3. The new regional model was formulated using a 1,000-foot model grid structure and 24 model layers. The model grid is 600 by 600 cells and contains about 4.6 million active model cells.
  4. Streamflow-Routing (SFR2) Package input files were constructed for the new regional model.
  5. Geologic structure was incorporated into the model for the basalt and bedrock areas.
  6. Model drain cells were established in the bedrock uplands to support streamflow.
  7. Constant Head boundary conditions were established along the Columbia River.
  8. General Head boundary conditions were established for lakes and reservoirs.
  9. Time-series data sets were compiled and constructed for input to the transient regional flow model. The data sets include
    1. Surface water irrigation diversions and returns (about 113)
    2. Ground-water/surface water interaction
    3. Streamflow observations-monthly observed streamflow at various sites
    4. Ground-water-level observations (about 20,000)
    5. Pumping wells for each month from water year 1960 through water year 2001.
  10. The large amount of model-input information related to the streamflow routing, drain locations, depths, and parameters, well files, recharge files, and geologic structure were all analyzed and checked to verify that the model input was correct.
  11. The regional model was initially operated with steady-state conditions to develop criteria for obtaining model closure and reasonable initial heads. This stage of the modeling process also was oriented to understanding how this extremely complex model operates and to develop methods to analyze and use model calculated values.
  12. The steady state model was then used to analyze if the overall calculated regional flow system was consistent with a developed conceptual model and mapped water levels.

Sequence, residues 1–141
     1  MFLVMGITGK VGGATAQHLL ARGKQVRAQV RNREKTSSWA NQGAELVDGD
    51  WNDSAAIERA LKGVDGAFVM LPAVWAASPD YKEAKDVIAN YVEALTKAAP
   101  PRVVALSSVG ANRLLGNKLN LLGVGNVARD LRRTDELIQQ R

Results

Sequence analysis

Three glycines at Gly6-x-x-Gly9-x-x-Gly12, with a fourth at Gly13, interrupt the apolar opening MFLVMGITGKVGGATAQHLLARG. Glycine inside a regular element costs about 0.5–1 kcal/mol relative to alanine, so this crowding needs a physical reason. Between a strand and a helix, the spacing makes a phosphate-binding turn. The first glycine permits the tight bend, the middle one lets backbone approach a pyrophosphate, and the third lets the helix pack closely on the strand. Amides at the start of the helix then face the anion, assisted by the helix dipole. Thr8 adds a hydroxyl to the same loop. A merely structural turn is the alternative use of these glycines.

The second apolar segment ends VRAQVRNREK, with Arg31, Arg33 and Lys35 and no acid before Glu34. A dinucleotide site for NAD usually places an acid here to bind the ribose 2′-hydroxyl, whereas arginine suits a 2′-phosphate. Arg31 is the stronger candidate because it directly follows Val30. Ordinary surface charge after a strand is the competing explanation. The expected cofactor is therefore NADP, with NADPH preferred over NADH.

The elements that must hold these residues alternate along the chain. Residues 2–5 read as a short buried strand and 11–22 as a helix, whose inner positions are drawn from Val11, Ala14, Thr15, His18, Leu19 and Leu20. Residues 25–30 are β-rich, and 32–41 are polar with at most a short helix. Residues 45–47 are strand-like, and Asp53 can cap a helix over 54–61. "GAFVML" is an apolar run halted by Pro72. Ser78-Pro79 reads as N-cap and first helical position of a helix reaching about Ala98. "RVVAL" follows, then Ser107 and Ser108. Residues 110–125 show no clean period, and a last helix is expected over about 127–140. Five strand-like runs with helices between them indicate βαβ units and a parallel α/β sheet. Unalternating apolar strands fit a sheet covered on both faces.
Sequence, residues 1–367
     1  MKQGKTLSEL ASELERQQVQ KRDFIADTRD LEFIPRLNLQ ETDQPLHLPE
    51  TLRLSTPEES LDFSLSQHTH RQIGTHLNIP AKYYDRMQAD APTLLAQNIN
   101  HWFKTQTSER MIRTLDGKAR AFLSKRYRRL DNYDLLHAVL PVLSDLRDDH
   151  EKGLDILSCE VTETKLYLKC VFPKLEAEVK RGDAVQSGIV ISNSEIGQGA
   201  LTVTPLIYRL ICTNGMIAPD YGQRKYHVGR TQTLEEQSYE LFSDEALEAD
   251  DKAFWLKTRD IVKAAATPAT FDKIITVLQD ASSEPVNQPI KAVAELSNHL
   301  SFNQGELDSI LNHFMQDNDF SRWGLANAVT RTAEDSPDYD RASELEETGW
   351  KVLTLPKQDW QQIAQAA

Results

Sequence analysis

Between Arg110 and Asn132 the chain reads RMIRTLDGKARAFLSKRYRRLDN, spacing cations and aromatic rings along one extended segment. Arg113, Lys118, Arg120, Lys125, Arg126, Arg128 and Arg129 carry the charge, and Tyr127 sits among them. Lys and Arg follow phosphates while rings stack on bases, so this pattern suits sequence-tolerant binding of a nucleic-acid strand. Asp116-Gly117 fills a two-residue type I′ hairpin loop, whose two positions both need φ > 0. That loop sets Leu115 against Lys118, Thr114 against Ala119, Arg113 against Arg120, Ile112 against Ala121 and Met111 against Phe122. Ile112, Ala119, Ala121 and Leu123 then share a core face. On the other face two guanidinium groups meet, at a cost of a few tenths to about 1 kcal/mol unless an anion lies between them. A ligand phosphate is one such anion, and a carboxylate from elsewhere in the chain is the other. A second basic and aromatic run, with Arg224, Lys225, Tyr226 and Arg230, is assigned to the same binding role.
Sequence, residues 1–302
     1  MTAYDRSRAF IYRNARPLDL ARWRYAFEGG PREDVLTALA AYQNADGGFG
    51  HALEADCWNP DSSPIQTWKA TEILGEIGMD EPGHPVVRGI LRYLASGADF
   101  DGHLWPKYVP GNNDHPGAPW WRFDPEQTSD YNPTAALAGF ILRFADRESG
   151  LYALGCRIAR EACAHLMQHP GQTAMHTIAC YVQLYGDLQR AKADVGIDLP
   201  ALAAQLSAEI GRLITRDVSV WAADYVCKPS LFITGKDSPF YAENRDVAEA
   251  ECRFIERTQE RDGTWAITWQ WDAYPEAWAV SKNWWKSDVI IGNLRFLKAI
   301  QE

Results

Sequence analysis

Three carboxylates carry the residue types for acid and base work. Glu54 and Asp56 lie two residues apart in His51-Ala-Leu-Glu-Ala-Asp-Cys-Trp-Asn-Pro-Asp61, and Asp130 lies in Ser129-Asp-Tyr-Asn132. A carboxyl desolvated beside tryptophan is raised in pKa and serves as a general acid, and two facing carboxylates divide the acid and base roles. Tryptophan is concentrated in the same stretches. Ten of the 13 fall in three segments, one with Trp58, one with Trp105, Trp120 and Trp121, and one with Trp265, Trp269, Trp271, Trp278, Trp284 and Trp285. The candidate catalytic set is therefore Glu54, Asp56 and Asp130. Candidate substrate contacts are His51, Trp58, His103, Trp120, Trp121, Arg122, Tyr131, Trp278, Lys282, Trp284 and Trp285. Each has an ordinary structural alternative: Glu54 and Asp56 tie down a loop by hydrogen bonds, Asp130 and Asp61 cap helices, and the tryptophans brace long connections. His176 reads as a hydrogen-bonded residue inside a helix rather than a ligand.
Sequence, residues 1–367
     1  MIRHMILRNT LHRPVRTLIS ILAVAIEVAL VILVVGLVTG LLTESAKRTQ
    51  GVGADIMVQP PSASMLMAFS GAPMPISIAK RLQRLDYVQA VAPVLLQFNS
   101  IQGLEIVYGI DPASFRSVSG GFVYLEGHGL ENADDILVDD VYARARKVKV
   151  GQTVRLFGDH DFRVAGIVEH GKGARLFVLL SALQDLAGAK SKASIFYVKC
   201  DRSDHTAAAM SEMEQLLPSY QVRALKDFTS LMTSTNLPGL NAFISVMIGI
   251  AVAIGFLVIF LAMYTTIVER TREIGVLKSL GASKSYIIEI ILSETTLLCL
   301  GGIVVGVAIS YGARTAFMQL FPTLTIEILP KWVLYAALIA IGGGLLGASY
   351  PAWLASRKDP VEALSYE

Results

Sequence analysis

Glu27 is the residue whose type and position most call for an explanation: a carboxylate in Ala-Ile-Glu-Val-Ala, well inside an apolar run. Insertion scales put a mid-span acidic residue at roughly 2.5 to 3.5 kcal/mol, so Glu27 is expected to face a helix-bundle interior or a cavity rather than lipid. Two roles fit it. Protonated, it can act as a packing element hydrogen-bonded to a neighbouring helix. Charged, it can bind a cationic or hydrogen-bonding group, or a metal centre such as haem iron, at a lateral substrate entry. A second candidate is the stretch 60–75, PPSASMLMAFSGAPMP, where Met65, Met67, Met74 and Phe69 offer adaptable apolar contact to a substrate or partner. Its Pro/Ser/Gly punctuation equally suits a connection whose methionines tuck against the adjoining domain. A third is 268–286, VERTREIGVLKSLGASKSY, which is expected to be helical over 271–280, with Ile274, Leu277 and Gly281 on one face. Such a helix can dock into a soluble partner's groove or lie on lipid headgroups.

13. The model is currently being operated under transient conditions. Included in this stage of the process is the testing of model sensitivities to changes in model parameters and initial conditions, which will be an on-going process. This work also includes more detailed analysis of groundwater-flow barriers, calculated hydraulic heads, and simulated streamflow.

Yakima Ground-Water Project: Status update for October, 2007 - April, 2008


Reports

  1. A new report describing the hydrogeologic units, hydraulic characteristics, ground-water occurrence, conditions, flow system, use, and trends is being written.

Well information

  1. All work related to well information has been completed

Hydrogeology

  1. Maps of the depth to the top and lateral extent of the Saddle Mountains, Wanapum, and Grande Ronde hydrogeologic units and the Mabton and Vantage interbeds were documented in a report.
  2. A map of the estimated thinning to zero-thickness of the Grande Ronde unit at its lateral extent was constructed. A 3,000 feet thick sequence, which will be modeled using the regional ground-water flow modeled, needed to be thinned in order to account for the Grande Ronde unit’s decrease in thickness near its lateral boundary.

Ground water-surface water interactions

  1. Some additional measurements were made in the Kittitas Basin for Cherry and Wilson Creeks, and additional information on stream losses in the Toppenish Basin were obtained from the Yakama Nation
  2. The information from 1-above will be integrated with the on-going checking and analysis of seepage-run data collected during the course of this study.
  3. Thermal profile data for 11 stream reaches were made available in a data-series report.

Ground-water pumpage